One way or another, our judges turn out to be political animals

Posted: Monday, November 27, 2000

When Florida's Supreme Court breathed life into Al Gore's quest for the White House, the response from some Republicans was immediate: What do you expect from six Democratic justices and an independent, all appointed by Democratic governors?

It's an understandable reaction, says Roger Pilon, vice president for legal affairs at the conservative Cato Institute in Washington. Normally, a judge who has some connection to a case will step aside. But that wasn't an option in the Republican suit to stop hand recounts.

''Obviously, they can't'' step aside, Pilon said. ''Or everyone would recuse themselves, and there would be no one left to judge.''

The focus on the Florida Supreme Court has highlighted an oft-overlooked contradiction of the American judicial system: Our judges get their jobs through politics, but once they are on the bench they are expected to be nonpartisan.

In some states, the political nature of the job is clear. In Alabama, for example, judges are elected and identified on the ballot by party affiliation.

But in neighboring Florida, politics are not so evident. A commission -- three appointees of the governor, three of the state bar association, and three members selected by the other six -- gives the governor a list of three to six candidates for each vacancy on the Supreme Court.

The governor must pick from this list; the nominee serves only until the next general election, at which point he or she must be retained by the voters for a six-year term, though no Florida justice has ever been fired by the voters.

It would be naive to think that a chief executive does not consider party affiliation.

Nine of 10 federal appointees are of the same party as the president who nominates them, said William G. Ross, professor at Cumberland School of Law at Samford University in Alabama. In the last century, Democrat Woodrow Wilson chose the highest percentage of members of his own party (98 percent), while Republican Herbert Hoover nominated the lowest (75 percent), he said.

Once on the bench, Ross said, ''most judges try to be as nonpartisan as possible, as reputable as Caesar's wife,'' but they cannot be entirely apolitical.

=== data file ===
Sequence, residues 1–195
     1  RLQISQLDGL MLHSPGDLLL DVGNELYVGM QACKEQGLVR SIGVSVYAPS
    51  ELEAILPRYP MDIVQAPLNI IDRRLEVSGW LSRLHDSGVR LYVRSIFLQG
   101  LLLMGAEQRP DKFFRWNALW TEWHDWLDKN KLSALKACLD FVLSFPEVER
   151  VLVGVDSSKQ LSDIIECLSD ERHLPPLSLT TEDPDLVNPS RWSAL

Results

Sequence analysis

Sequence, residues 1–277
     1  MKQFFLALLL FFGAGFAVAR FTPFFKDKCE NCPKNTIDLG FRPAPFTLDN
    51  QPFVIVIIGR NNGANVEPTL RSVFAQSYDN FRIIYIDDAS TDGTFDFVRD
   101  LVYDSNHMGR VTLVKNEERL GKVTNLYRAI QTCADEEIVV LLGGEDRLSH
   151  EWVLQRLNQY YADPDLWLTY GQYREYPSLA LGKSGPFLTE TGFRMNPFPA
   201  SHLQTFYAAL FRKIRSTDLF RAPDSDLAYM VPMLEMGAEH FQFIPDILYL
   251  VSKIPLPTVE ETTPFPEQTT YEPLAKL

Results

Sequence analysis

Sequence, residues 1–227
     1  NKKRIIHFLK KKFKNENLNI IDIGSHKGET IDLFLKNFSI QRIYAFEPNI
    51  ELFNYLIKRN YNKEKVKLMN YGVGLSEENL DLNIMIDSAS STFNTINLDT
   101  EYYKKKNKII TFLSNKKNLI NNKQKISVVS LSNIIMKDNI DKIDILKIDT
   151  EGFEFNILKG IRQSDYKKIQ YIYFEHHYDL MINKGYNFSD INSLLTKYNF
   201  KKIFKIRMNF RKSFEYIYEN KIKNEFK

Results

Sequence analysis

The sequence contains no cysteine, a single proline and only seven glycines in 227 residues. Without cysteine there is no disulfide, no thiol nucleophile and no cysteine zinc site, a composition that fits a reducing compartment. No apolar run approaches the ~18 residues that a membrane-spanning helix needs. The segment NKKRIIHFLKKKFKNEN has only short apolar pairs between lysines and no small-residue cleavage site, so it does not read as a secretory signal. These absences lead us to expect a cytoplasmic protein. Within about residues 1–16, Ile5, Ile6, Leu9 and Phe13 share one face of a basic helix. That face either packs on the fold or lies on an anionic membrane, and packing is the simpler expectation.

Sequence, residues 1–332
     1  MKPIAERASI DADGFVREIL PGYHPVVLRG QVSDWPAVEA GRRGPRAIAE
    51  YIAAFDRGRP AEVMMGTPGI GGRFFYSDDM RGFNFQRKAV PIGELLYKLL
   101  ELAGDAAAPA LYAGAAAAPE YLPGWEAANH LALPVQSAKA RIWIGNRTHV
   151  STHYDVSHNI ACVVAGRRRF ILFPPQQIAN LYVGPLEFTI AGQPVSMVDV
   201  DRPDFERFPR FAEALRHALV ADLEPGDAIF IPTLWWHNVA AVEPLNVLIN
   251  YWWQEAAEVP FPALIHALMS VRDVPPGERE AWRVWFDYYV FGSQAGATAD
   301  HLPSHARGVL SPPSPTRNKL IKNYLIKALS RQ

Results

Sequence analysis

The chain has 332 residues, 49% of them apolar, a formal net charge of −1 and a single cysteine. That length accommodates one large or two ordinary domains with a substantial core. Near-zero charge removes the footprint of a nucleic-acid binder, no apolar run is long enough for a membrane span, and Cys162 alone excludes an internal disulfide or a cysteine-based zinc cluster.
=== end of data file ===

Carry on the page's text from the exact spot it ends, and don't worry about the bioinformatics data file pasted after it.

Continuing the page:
''There is no way to take politics out of the judicial process,'' Ross said. ''We wouldn't want to take politics out of it. These are public questions, matters of public policy. All we want is for our judges to be as objective as possible.''

The public's expectation, says Alan Sobel, executive vice president of the nonpartisan American Judicature Society in Chicago, ''is that whatever their background may be, when they reach the bench they will put aside personal preferences and have allegiance only to the law and to the facts of the case. And I think that's a reasonable expectation.''

He suggested that critics who harp on the political affiliation of judges are often ''affected by their own self interest. ... I don't that they're objective observers when they have a stake in the outcome.''

Stephen B. Presser, a professor of legal history at Northwestern University in Chicago and co-author of a paper on judicial appointments, says it should be no surprise that the Florida court would be accused of conspiracy with the Democrats: In the wake of the battle over Bill Clinton's impeachment, ''we can't see anything except through partisan eyes.''

But Presser said party affiliation ''doesn't tell you anything,'' He noted that Terry Lewis, the Circuit Court judge overruled by the Florida Supreme Court, was a Democrat.

There have been other unpredictable judges. In 1974, three judges appointed to the U.S. Supreme Court by Richard Nixon joined their brethren in ordering the president to turn the Watergate tapes over to Congress, precipitating Nixon's resignation.

David Souter, nominated by George W. Bush's father, has turned out to be a court liberal. Dwight Eisenhower rued his pick of Earl Warren, a California Republican who ushered in an era of very un-Republican judicial activism.

To the Cato Institute's Pilon, that activism is a cornerstone of Democratic policy, and judges who practice it -- like the Florida Supreme Court, which disdained ''hypertechnical reliance upon statutory provisions'' in favor of ''the will of the people'' -- are partisan.

There is no ''ultimate answer'' to the question of politics and judges, Pilon said.

''Judges do bring with them a certain conception of the law, and a certain conception of how to interpret the law ... ,'' he said. ''It is inherent in the system, given that appointments are made by political officials. This is what the founders intended. The ultimate check is the political check.''

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